China: End Arbitrary Detention in Mental Health Institutions
As China’s first ever Mental Health Law came into force on May 1, 2013, it has major shortcomings including that it does not eliminate the country’s system of involuntary confinement.
The involuntary confinement for people with mental disabilities is devoid of court oversight and falls far short of the requirements of the Convention on the Rights of Persons with Disabilities, which China adopted in 2008.
Human rights abuses in mental health institutions in China are extensively documented. Patients are frequently deprived of the right to make decisions regarding treatment and confinement; forced medications and violence are rife. In one widely-publicized case in 2008, an elderly woman involuntarily committed by her family was found beaten to death in a psychiatric hospital in Shandong Province.
China: End Arbitrary Detention in Mental Health Institutions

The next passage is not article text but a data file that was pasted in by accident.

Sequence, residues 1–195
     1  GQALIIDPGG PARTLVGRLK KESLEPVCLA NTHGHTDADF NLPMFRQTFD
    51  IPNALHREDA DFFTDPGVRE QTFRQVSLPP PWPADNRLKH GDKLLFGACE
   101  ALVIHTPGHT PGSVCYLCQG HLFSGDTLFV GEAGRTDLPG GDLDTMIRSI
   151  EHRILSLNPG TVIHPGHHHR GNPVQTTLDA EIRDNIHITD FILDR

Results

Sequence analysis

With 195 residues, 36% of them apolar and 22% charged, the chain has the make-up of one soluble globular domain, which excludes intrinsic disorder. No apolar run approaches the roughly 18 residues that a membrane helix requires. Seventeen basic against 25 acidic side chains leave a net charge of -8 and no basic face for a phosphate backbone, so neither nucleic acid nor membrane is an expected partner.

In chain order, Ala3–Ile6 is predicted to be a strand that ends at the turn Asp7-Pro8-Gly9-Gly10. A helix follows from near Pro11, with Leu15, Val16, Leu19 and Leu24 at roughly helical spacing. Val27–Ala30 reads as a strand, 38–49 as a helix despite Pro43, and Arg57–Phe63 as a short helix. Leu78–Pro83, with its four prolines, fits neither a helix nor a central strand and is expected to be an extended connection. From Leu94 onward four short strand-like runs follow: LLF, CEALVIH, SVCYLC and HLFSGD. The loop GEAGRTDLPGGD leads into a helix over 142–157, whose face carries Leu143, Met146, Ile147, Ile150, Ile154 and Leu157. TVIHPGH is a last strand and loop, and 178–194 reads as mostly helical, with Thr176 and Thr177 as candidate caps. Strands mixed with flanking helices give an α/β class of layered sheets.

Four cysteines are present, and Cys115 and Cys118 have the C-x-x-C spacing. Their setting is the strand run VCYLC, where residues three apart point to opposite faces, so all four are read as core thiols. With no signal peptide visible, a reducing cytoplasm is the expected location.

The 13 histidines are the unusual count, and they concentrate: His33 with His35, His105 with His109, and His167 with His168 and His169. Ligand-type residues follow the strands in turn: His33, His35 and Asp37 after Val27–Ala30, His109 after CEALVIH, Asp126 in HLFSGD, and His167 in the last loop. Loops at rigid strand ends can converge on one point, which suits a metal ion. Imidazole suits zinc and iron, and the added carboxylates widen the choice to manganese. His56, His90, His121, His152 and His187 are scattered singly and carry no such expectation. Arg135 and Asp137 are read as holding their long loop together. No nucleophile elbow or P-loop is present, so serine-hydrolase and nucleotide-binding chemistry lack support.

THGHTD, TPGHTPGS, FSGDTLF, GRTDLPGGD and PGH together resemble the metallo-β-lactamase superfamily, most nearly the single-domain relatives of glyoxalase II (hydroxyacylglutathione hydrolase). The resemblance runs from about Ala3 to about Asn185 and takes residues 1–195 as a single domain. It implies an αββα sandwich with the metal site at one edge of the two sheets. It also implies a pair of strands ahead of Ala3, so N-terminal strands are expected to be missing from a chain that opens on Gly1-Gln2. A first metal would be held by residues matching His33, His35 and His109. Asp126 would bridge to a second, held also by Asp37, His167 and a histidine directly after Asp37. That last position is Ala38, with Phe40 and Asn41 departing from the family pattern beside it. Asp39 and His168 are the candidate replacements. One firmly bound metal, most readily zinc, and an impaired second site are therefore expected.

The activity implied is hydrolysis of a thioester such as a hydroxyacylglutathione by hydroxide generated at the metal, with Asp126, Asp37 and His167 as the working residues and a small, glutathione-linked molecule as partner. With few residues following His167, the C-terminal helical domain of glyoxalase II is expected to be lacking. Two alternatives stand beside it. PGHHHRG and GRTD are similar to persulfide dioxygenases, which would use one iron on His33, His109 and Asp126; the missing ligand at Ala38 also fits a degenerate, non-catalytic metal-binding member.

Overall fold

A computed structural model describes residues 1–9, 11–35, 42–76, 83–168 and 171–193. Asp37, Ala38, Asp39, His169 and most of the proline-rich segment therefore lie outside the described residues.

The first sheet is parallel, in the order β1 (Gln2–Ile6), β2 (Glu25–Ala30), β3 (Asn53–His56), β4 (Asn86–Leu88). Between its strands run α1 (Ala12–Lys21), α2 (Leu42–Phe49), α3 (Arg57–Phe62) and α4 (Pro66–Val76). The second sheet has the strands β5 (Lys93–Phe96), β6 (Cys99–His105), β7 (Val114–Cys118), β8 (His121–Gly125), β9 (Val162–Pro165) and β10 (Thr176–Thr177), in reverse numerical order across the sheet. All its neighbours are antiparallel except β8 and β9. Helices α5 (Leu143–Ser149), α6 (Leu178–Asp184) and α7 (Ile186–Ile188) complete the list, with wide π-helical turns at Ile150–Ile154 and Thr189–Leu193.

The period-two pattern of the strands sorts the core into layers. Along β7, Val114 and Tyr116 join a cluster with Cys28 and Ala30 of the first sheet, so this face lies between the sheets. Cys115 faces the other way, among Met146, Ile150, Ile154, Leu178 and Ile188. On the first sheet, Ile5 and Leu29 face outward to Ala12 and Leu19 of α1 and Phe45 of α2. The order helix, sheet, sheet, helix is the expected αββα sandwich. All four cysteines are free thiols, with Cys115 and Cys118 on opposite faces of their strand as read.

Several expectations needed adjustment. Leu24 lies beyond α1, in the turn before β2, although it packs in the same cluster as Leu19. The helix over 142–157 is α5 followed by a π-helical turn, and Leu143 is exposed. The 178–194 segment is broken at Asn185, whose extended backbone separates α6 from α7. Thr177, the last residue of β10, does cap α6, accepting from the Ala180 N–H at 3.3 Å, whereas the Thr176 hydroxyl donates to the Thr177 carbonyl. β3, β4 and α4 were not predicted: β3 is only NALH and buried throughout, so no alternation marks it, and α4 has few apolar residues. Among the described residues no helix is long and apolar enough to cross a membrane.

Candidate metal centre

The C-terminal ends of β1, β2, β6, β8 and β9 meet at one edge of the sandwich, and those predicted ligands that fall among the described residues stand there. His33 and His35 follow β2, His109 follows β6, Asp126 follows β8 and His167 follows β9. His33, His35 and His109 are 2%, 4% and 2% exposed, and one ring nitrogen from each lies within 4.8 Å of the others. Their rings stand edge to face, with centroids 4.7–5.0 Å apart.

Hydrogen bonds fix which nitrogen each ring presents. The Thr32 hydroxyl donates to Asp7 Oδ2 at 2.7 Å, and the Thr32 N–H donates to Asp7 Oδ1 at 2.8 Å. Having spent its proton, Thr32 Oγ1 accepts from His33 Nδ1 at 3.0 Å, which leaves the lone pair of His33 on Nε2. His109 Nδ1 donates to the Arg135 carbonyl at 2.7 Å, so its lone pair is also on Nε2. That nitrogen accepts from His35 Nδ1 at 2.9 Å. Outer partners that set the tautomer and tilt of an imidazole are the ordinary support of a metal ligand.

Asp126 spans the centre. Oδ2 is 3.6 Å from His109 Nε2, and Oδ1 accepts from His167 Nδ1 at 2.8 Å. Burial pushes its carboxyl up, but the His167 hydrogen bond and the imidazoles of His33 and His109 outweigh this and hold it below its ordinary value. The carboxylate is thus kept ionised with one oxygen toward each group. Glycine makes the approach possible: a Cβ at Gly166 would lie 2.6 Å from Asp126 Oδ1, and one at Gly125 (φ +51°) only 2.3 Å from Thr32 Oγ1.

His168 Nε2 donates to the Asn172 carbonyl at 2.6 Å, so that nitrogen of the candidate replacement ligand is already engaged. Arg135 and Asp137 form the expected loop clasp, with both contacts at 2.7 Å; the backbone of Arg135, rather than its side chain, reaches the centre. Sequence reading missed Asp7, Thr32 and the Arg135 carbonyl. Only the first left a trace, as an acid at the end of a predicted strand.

As China’s first ever Mental Health Law came into force on May 1, 2013, it has major shortcomings including that it does not eliminate the country’s system of involuntary confinement.

The involuntary confinement for people with mental disabilities is devoid of court oversight and falls far short of the requirements of the Convention on the Rights of Persons with Disabilities, which China adopted in 2008.

Human rights abuses in mental health institutions in China are extensively documented. Patients are frequently deprived of the right to make decisions regarding treatment and confinement; forced medications and violence are rife. In one widely-publicized case in 2008, an elderly woman involuntarily committed by her family was found beaten to death in a psychiatric hospital in Shandong Province.